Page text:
Apple

The New iPad Pro Review (twitter.com) 31

An anonymous reader writes: As tech reviewers across the United States and Europe sing praises of Apple's new iPad Pro, here's what Joshua Topolsky, former editor-in-chief of The Verge and Engadget (and now with The Outline) had to say: "It [10.5-inch iPad Pro] is inferior to a laptop in almost every way, unless you like to draw. If you think you can replace you laptop with this setup: you cannot. Imagine a computer, but everything works worse than you expect. That is the new iPad. Now, I know the software is in beta, but I also know how Apple betas work. They don't massively change. I have no doubt it's a very powerful piece of hardware, and the screen is gorgeous. Garageband is a lot of fun to play with. But this doesn't COME CLOSE to replacing your laptop, even for simple things you do, like email. AND one other thing. Apple's keyboard cover is a fucking atrocity. A terrible piece of hardware. Awkward to use, poor as a cover. Okay in a pinch if you need something LIKE a keyboard. Anyhow good to know there are still Apple fanboys who get mad if you insult their products. But I don't think it's a very good product. Finally, iOS 11 is definitely a STEP in the right direction. But guys the iPad has been around forever and it still feels half-assed. I think a lot of people are willing to contort themselves around a bad UX because marketing is powerful."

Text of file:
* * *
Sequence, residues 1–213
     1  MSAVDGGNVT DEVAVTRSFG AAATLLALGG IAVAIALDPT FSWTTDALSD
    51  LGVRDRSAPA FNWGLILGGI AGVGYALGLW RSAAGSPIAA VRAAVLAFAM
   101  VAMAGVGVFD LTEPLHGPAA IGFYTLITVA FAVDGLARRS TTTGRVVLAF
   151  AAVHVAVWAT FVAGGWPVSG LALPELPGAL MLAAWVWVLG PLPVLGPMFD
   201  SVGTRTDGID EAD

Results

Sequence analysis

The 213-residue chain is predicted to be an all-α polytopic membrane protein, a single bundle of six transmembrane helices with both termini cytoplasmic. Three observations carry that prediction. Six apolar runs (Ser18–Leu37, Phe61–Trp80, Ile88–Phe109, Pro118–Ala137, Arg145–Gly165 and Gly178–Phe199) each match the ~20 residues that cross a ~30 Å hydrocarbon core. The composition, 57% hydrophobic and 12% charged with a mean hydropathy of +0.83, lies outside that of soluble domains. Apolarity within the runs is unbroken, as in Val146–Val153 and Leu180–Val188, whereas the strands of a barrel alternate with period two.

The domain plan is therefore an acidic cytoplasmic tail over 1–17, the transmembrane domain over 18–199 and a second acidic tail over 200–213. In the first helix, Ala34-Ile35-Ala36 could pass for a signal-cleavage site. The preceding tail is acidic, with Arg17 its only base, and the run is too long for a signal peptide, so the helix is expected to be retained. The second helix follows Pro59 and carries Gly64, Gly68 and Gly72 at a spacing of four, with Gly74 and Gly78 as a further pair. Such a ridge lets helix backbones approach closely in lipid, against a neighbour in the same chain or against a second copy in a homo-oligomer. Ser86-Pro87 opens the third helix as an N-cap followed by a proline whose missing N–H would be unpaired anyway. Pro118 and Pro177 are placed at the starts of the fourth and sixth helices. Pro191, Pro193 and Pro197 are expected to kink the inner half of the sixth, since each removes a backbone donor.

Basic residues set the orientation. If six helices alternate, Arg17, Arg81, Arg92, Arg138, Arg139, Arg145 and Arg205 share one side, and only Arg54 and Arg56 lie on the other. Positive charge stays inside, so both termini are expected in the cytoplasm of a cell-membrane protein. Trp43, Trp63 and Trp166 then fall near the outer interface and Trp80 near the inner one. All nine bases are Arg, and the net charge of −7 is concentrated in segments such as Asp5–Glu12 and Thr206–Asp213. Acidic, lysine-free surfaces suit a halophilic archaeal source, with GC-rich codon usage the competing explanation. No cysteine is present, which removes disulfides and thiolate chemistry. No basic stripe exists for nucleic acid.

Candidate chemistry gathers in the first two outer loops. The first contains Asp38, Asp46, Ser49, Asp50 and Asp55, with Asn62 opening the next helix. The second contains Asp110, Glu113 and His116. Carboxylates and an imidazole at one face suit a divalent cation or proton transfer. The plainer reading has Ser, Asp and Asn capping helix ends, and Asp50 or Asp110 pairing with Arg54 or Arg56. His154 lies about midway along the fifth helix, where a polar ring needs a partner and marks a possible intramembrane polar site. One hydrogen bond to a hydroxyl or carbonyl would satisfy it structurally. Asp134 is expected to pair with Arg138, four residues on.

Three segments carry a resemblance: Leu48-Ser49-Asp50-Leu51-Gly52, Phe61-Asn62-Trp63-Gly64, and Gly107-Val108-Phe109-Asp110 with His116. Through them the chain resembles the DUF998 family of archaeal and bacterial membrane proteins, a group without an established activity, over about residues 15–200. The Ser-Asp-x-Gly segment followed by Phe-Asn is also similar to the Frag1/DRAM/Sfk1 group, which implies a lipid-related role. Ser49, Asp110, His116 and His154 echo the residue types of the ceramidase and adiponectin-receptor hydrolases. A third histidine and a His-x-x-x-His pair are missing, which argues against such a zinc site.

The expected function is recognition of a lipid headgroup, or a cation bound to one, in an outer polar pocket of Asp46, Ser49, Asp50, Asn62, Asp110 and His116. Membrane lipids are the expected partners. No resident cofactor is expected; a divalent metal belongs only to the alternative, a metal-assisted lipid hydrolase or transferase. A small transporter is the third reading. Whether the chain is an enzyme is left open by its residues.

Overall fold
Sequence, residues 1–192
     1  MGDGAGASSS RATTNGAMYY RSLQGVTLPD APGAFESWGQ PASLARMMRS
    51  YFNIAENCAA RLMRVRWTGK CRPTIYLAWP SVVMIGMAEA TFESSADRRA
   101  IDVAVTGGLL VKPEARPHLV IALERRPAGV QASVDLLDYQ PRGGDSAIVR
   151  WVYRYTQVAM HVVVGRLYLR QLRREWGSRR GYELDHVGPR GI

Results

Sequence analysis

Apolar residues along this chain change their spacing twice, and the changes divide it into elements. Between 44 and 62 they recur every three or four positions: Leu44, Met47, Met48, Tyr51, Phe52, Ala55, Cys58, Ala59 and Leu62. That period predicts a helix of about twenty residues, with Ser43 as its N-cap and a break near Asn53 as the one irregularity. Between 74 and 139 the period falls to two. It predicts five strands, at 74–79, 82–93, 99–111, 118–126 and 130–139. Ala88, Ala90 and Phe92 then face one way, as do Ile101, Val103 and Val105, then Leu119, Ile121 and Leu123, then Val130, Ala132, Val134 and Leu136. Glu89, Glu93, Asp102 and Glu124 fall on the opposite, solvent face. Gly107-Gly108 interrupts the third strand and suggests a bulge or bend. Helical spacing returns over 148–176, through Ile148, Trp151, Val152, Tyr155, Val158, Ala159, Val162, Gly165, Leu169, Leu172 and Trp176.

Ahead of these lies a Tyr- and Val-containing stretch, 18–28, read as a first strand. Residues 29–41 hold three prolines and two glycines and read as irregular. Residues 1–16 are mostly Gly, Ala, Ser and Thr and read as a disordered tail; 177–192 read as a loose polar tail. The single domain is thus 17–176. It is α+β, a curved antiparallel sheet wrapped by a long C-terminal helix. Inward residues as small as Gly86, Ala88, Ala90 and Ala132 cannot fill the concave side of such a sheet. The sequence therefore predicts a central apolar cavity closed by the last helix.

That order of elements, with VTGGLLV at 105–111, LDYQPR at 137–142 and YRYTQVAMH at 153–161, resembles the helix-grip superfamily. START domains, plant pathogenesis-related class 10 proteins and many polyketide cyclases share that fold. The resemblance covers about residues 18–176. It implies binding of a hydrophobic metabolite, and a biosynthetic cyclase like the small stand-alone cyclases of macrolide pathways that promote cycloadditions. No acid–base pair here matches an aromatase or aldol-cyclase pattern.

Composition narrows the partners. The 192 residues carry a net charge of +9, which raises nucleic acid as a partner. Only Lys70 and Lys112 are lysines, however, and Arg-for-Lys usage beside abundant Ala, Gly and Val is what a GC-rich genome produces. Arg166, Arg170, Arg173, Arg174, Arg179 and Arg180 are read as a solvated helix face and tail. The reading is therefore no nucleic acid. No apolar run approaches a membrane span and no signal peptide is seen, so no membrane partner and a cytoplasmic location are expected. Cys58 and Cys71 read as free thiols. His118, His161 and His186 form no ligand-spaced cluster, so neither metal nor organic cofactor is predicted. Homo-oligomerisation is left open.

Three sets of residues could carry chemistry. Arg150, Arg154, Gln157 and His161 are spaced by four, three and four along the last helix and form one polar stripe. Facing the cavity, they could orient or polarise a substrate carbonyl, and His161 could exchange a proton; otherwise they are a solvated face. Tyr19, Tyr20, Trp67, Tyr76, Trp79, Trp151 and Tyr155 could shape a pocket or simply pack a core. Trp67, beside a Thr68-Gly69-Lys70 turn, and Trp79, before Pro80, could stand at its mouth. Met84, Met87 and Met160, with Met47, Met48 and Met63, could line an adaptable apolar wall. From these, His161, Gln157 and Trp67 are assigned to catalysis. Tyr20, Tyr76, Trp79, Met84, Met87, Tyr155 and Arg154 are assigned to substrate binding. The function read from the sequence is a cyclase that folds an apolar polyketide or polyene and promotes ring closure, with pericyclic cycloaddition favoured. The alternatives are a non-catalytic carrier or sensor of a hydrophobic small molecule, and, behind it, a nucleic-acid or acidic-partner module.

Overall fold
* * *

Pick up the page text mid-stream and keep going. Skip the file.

Desktops (Apple)

Apple Releases First Public Beta Of iOS 11 for iPhone and iPad 54

Zac Hall, writing for 9to5Mac: Apple has released the first macOS High Sierra public beta for Mac. This allows users who are not registered developers to test pre-release versions of macOS with new features for free. Prior to the public beta availability, macOS High Sierra has only been available to test with a $99/year developer account. You can register for the free public beta program here. [Note: some outlets report that the update is still "coming soon." [...] Apple has released the first iOS 11 public beta for iPhone and iPad. This allows users who are not registered developers to test pre-release versions of iOS with new features for free. You can register for the free public beta program here..
Businesses

Fallen Tech Star Imagination Technologies Up For Sale After Apple Row Bites (standard.co.uk) 28